The work of the enterprise coach is, for me, about providing a relationship that people can use to explore how they might transform their lives and whether or not this is a journey they want to undertake. It is a relationship characterised by trust, confidentiality, skill and often the long-term. It is not directive; the coach has no ulterior goal that they are steering the person towards. The only goal of the coach is to help their client to become the kind of person that they really want to be.
The relationship provides a chance for them to really transform their life. Of course this doesn’t always happen – but there is a chance. The transformation may come about through starting a business. Or through getting better housing, becoming a better parent, tackling an addiction or pursuing an ambition. The job of the enterprise coach is to enable people to take more control of their futures. To find their power in shaping their own lives. It is a truly valuable, challenging and privileged role.
It seems to me that much of the Enterprise Coaching world sees things a little differently. For them the enterprise coach is part of a smiling press-gang, working ‘in the community’, promoting the benefits of enterprise (narrowly defined around self employment, employment, business start-up or expansion) and encouraging people to grow their ‘dream business’. Clients are usually recruited to workshops after a limited amount of 121 work, given a crash course in business literacy and referred to the mainstream – where they take their chances. It is a directive process where the only positive outcome is a referral into the business support industry. It is about skimming talent and potential rather than a longer term engagement to change attitudes, habits, beliefs and decisions. The whole process is lubricated with the judicious use of free lunches, celebrity speakers, community transport and the potential of getting some cash. This is traditional pre-start up business support. We have been doing it for a long time in various communities. It feels safe, and it does produce start ups. But I have yet to see it transform communities.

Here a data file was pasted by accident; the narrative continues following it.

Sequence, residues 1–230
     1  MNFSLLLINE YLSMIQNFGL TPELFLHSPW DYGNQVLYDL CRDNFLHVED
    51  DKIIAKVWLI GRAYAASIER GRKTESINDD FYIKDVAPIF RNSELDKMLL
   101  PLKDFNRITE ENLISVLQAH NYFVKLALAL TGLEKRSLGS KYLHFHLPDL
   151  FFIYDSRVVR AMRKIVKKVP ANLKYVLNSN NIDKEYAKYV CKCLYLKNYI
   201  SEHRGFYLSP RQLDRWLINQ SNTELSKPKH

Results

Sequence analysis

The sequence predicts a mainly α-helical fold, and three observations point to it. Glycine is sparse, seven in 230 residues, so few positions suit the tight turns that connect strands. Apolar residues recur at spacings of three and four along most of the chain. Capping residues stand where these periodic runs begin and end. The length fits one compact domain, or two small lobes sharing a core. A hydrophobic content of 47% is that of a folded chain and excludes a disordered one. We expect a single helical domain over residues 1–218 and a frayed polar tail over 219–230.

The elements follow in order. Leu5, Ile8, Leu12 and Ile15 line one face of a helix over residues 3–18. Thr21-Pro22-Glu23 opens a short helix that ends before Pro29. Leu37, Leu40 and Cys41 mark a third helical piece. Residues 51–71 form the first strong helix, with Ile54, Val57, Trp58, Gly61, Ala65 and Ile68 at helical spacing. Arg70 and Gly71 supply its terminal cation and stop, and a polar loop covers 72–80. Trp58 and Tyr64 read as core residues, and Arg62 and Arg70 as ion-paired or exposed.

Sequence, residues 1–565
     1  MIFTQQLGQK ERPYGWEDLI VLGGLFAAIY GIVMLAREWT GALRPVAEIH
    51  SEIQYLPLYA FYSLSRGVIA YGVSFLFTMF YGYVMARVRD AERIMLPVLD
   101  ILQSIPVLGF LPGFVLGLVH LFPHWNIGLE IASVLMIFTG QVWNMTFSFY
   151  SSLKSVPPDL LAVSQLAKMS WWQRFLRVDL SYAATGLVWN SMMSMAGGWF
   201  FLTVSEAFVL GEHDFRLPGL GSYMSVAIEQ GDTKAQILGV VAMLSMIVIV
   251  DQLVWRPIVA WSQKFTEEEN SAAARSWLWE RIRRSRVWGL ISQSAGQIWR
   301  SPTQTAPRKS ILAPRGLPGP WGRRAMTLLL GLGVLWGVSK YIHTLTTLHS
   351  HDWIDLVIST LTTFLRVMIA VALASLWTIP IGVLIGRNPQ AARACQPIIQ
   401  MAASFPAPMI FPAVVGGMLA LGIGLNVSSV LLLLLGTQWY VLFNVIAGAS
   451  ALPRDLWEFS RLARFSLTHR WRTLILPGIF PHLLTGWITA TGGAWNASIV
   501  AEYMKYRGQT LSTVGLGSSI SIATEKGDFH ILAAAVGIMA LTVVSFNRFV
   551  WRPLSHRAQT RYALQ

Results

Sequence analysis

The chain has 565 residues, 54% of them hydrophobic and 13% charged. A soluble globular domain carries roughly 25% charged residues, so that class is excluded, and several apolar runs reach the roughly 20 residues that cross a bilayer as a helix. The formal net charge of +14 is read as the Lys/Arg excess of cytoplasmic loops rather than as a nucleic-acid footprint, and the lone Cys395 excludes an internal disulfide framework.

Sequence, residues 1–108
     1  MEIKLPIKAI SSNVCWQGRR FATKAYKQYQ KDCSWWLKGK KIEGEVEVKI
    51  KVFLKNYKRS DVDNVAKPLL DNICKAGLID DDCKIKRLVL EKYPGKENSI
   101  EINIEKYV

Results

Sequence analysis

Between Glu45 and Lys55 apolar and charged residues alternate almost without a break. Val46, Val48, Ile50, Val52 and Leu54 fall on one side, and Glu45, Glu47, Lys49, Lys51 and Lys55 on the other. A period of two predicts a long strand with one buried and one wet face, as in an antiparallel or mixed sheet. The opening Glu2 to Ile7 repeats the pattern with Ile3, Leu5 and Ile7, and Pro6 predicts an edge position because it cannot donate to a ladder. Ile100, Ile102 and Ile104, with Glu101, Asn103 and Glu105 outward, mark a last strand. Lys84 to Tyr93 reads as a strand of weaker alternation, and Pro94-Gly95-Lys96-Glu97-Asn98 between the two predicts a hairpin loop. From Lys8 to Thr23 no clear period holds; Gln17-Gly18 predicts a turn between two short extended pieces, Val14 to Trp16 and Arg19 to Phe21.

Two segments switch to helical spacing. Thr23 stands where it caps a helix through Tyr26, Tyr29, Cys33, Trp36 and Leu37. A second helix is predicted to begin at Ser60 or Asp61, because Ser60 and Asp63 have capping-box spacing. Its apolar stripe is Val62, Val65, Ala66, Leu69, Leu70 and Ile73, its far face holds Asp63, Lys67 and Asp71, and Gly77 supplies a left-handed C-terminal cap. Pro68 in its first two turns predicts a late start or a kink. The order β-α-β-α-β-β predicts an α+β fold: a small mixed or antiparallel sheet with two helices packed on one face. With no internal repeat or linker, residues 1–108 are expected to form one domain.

Sometimes it even damages the very communities that it is intended to help. I would suggest three mechanisms by which this unfortunate and unintended consequence sometimes occurs.
- Firstly the service helps to skim off the most able and talented in the community: those that already have the confidence and self belief to start a business and helps them up and sometimes out of the community. Those that succeed do so, not because of the support of their community, but often in spite of it. Enterprise is seen primarily as a process for personal progress rather than community building.
- Secondly we engage large numbers of people on the enterprise journey that we are unable to work with in sufficient depth or for sufficient time before they are referred into a mainstream that is not resourced to work with them. Failure, disappointment and frustration are commonplace. Word spreads and the reputation of the service provider drops. Numbers engaging with the project fall away and the community becomes even more suspicious of the enterprise agenda.
- Thirdly is the mechanism of reactance. The more we persuade people to look at enterprise as something that is potentially good for them the more likely they are to resist our persuasion. Flood a community with pro-enterprise messages and perversely you may decrease enthusiasm for it.
But back to the two visions of Enterprise Coaching that I opened with. At the moment we are losing the chance of realising the first because of the funding that is being pumped into the second. I meet and often work with great coaches who are trying to deliver the first vision for enterprise coaching, while being performance managed by a system that is demanding the second. The consequences are inevitable. As I have written before, enterprise coaching is being broken.
The question is – what are we going to do about it? Join our LinkedIn group to find out…